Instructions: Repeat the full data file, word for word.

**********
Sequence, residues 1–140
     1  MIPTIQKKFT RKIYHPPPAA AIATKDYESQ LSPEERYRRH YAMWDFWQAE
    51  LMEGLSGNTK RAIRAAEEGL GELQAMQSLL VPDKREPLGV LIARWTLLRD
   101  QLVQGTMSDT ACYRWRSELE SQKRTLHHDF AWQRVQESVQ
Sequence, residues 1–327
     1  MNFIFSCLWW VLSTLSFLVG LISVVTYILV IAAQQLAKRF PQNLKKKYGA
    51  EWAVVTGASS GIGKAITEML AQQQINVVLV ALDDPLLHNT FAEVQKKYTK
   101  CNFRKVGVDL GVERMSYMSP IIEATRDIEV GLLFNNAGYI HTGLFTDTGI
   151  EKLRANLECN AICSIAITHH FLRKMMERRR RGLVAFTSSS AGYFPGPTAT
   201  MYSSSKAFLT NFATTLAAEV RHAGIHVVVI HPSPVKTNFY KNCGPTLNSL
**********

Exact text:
Sequence, residues 1–140
     1  MIPTIQKKFT RKIYHPPPAA AIATKDYESQ LSPEERYRRH YAMWDFWQAE
    51  LMEGLSGNTK RAIRAAEEGL GELQAMQSLL VPDKREPLGV LIARWTLLRD
   101  QLVQGTMSDT ACYRWRSELE SQKRTLHHDF AWQRVQESVQ
Sequence, residues 1–327
     1  MNFIFSCLWW VLSTLSFLVG LISVVTYILV IAAQQLAKRF PQNLKKKYGA
    51  EWAVVTGASS GIGKAITEML AQQQINVVLV ALDDPLLHNT FAEVQKKYTK
   101  CNFRKVGVDL GVERMSYMSP IIEATRDIEV GLLFNNAGYI HTGLFTDTGI
   151  EKLRANLECN AICSIAITHH FLRKMMERRR RGLVAFTSSS AGYFPGPTAT
   201  MYSSSKAFLT NFATTLAAEV RHAGIHVVVI HPSPVKTNFY KNCGPTLNSL